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Who’s in Charge Here? A Look at Legislative Assembly Leaders

November 3, 2006

Mayi Antillón, 46.National Liberation Party (PLN), 25 legislators.

As head of the largest faction, Antillón has plenty of pressure on her to win approval for President Oscar Arias’ campaign elements. A political scientist and the former director of the Union of Private-Sector Chambers and Associations (UCCAEP), Antillón told The Tico Times she thinks the assembly has enough on its plate without attempting to streamline its regulations.

Elizabeth Fonseca, 57. Citizen Action Party (PAC), 17 legislators.

As the leader of PAC – a party she helped found 2000, whose platform emphasizes measures to eliminate corruption – Fonseca, a former history professor at the University of Costa Rica (UCR), heads the anti-CAFTA fight and says she won’t back down. “We’re fighting hard,” she told The Tico Times, adding that she thinks it would be “absurd” for the assembly to vote on the pact much before the middle of next year.

Evita Arguedas, 45. Libertarian Movement Party, 6 legislators.

Arguedas – who presided over the Costa Rican Electricity Institute (ICE) from 1998-1999 and the Costa Rican Chamber of Commerce from 2004-2005 – serves as the vice-president of the assembly. In the previous assembly, her party notoriously swamped tax reforms known as the Permanent Fiscal Reform Package with thousands of motions to prevent its passage; it was never approved despite more than three years of debate. Arguedas says the new incarnation of the Libertarian Movement won’t use this method.

Lorena Vásquez, 47. Social Christian Unity Party (PUSC), 5 legislators.

Vásquez, a former legislator (1994-1998) and Housing Minister, heads the only party to see its numbers fall after February’s elections. Like some others in her party, she’s conditioned her support for CAFTA on the passage of legislation to help Costa Rica prepare for it – including increased funds for education and investment in infrastructure, she told The Tico Times.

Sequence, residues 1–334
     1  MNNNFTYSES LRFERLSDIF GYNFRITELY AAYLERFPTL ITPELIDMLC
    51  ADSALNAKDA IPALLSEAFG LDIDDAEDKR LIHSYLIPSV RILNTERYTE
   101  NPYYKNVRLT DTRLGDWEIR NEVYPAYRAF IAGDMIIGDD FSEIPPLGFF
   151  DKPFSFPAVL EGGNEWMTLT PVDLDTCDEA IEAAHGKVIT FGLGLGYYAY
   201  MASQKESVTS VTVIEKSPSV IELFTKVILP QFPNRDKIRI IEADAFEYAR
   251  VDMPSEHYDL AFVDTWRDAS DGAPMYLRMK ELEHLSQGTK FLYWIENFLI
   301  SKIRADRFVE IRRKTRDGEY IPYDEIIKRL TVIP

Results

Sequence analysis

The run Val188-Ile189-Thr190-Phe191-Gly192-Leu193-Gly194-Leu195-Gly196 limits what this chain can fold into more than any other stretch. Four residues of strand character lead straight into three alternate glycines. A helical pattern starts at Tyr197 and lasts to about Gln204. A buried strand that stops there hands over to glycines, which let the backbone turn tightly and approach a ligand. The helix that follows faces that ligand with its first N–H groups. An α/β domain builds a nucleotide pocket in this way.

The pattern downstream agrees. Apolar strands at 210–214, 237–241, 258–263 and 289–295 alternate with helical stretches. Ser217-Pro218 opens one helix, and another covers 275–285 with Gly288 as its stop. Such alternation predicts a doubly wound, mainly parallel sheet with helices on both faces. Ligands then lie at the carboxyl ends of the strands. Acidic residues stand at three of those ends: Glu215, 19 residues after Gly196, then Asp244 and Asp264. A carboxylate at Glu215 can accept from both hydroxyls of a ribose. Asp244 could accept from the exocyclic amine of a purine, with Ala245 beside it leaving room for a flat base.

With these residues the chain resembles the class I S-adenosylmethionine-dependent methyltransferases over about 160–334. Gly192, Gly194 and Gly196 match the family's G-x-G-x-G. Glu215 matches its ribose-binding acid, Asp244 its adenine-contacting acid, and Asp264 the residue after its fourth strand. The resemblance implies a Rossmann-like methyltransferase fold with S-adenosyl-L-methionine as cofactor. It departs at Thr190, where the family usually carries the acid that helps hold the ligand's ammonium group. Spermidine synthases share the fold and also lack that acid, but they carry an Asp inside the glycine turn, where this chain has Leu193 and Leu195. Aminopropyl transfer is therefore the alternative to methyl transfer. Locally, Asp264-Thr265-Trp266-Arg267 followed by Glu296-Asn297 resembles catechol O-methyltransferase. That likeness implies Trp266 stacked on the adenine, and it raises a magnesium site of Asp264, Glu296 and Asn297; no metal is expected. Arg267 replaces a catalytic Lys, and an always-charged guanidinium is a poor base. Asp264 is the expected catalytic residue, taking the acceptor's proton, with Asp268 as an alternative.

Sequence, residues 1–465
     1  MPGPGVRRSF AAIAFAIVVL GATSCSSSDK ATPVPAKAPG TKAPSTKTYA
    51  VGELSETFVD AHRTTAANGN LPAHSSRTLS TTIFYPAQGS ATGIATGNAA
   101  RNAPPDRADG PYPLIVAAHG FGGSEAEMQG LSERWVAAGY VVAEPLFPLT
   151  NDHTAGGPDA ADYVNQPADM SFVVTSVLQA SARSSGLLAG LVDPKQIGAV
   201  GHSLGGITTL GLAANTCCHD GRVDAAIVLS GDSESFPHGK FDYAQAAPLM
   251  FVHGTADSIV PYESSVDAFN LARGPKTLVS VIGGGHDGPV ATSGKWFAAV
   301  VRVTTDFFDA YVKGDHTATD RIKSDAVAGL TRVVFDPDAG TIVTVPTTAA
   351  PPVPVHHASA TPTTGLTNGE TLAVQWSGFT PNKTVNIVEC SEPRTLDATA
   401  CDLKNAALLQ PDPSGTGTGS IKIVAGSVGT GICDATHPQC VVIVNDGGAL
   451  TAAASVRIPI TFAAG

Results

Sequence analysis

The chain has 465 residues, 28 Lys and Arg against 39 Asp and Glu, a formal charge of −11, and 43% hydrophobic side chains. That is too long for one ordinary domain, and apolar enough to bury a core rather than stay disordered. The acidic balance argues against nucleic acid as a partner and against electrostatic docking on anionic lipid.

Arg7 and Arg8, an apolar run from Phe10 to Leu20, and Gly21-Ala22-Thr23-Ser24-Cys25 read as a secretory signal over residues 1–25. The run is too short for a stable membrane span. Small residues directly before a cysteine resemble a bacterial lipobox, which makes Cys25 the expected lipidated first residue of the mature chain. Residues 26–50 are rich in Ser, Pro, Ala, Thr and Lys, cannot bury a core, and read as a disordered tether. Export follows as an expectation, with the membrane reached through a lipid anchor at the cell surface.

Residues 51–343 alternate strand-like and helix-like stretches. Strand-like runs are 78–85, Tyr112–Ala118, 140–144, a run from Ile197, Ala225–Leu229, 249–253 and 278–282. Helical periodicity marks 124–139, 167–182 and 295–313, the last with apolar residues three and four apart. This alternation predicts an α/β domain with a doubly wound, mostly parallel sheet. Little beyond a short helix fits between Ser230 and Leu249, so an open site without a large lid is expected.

Guyón Massey, 62. National Restoration Party, 1 legislator.

Massey is an evangelical pastor, as is Carlos Avendaño, the former legislator who founded National Restoration in 2005. The soft-spoken, pro-CAFTA lawmaker serves as the legislative directorate’s Second Secretary, and says he’s been impressed by his fellow legislators’ interest in helping the poor.

Oscar López, 35. Access Without Exclusion Party (PASE), 1 legislator.

López says he’s proud of the high profile he has achieved despite being the only PASE legislator. Most notably in recent months, he has denounced the Arias administration for allowing various business transactions he says pave the way for arms manufacturing here (see separate story). López, who is blind, represents a party founded in 2005 to oppose CAFTA and fight for the rights of the disabled, senior citizens and their families.

José Merino, 57. Broad Front, 1 legislator.

A political scientist and journalist, this native of Spain, with his curly mop of hair and distinctive speaking style, is a fixture at protests in San José, particularly when CAFTA is involved. A legislator for the Patriotic Force in 1998-2002, he returned to the assembly this year on a platform based on opposition to the trade pact, gender equality and increased citizen participation in democracy.

José Manuel Echandi, 42. National Union Party (PUN), 1 legislator.

Echandi listened to Costa Ricans’ complaints and problems during his time as Ombudsman –literally translated, “The Defender of the Inhabitants” – during President Abel Pacheco’s term. He then founded National Union and made a simultaneous bid for President and legislator in February’s elections. He says he’s leaning toward voting for CAFTA if enough social legislation accompanies it.

Source: Interviews with legislators and biographies at www.asamblea.go.cr.

 

 

 

 

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